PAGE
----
We fired a nice mix of factory ammunition, including Hornady LeveRevolution 140-grain Monoflex, Winchester Super-X 150-grain PowerPoint, Hornady 160-grain FTX, and our first rounds, the Hornady Custom Lite Reduced Recoil 150-grain RN.  Because we didn’t know what to expect in terms of recoil and controllability on the BFR, we started out the session with Hornady’s Custom Lite.  The results were surprising in an incredibly pleasing way. Not only was the BFR right on target, but the single action was a treat to shoot.

It sounds crazy to say, but recoil from a .30-30 handgun was significantly less than the single action army-style .44 Mag we worked up just prior. In fact, the hottest hunting loads through the BFR were no concern at all, in either bark or bite. Even better, all were on target, and that’s with iron sights. Being well-built and a meaty 5.3 pounds doesn’t hurt, of course. The BFR handles lead or jacketed bullets just the same.

Magnum BFG

The big bore .30-30 revolver made quick work of all factory ammunition, and even with full power loads, was easily controllable. (Photo: Kristin Alberts/

We “sighted-in” and adjusted our irons at 50 yards. We averaged 1.5-inch five shot groups in a stiff crossing wind. That’s also accounting for the occasional flyers caused by operator error.  Groups opened up considerably at 100 yards to almost 3-inch groups, but we account that much more to shooter limitations with the iron sights than the gun.

With a scope mount, we have no doubt those groups would tighten up considerably, likely inside of 2 inches.  Shooting offhand is a chore given the guns weight, but it is right at home on shooting sticks, where we made use of our Primos Monopod Trigger Stick.

Hits and wishes

The only thing we’d like to see is a touch of color on the front sight. Lining up the black ramp front with the un-outlined black rear is not a rapid acquisition in the field. That’s an easy enough home fix for those so inclined to add a touch of sight paint. Furthermore, the majority of hunters will be using a scope instead. There’s not another point of contention on the BFR. The big frame, biggest finest, big effin’ revolver is a homerun.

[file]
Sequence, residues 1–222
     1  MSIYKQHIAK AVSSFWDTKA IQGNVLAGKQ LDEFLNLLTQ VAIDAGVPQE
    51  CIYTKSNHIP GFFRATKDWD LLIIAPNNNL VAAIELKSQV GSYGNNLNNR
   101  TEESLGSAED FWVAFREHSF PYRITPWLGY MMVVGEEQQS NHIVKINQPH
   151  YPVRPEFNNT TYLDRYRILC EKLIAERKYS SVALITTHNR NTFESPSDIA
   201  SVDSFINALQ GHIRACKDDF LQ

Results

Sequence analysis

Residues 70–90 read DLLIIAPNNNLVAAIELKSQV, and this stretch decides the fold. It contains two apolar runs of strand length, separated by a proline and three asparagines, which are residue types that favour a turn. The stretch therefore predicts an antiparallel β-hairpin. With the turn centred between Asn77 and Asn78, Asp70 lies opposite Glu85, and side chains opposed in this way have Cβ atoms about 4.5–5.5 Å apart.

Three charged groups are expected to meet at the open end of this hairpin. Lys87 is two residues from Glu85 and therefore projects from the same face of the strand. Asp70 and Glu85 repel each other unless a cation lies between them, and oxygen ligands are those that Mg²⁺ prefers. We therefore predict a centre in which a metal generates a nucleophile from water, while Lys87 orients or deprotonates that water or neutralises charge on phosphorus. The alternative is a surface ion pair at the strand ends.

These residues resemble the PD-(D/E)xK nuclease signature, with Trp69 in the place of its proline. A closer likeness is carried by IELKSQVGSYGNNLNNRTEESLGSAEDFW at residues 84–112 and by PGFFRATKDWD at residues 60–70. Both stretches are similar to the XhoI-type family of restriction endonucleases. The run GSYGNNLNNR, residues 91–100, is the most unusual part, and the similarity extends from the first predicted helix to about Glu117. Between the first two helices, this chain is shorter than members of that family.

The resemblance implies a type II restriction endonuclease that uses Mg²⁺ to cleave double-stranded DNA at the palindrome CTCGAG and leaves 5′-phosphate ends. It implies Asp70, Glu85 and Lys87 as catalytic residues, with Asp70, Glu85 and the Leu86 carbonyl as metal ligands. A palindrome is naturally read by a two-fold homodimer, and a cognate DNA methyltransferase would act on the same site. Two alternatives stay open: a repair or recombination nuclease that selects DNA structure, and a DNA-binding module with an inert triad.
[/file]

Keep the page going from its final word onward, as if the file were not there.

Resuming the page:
Magnum BFG

Detail on the hefty, unfluted long cylinder from our .30-30, which holds five rounds. (Photo: Kristin Alberts/

Though even our longer-barreled BFR has an obviously shorter barrel than rifles and carbines, and there may be some unburned powder or a drop-off in velocity from a rifle-length barrel, the BFR is still capable of reaching out to take game at distances of 100-yards and beyond in the .30-30 chambering. Surprisingly, even after significant firing, our BFR remained quite clean. Shooters needn’t expect a break-in time on the BFR from Magnum Research. No sirree. This beast comes out of the box smooth, tight, and with the buttery feel of a wheelgun you’ve worked for years.

One heckuva of a revolver

Whether you pull the BFR out of the box or hand it to someone on the range, there’s one smile. Then, when they pull the trigger on those long cylinder hunting rounds, the grin grows wider still. Bottom line, Magnum Research has planted themselves firmly at the heart of the hunting revolver market with single actions like our .30-30 and larger sibling .45-70.

Not only do these guns make one heckuva statement, but they back it up with performance and quality. Hunters will love the company’s tagline that the BFR’s can “take anything from grouse to grizzly.” Of that I have no doubt, but with our .30-30, I think we’ll stick to game a little on the larger size, and the BFR will put them in the freezer.

Read More On:

Latest Reviews

revolver barrel loading graphic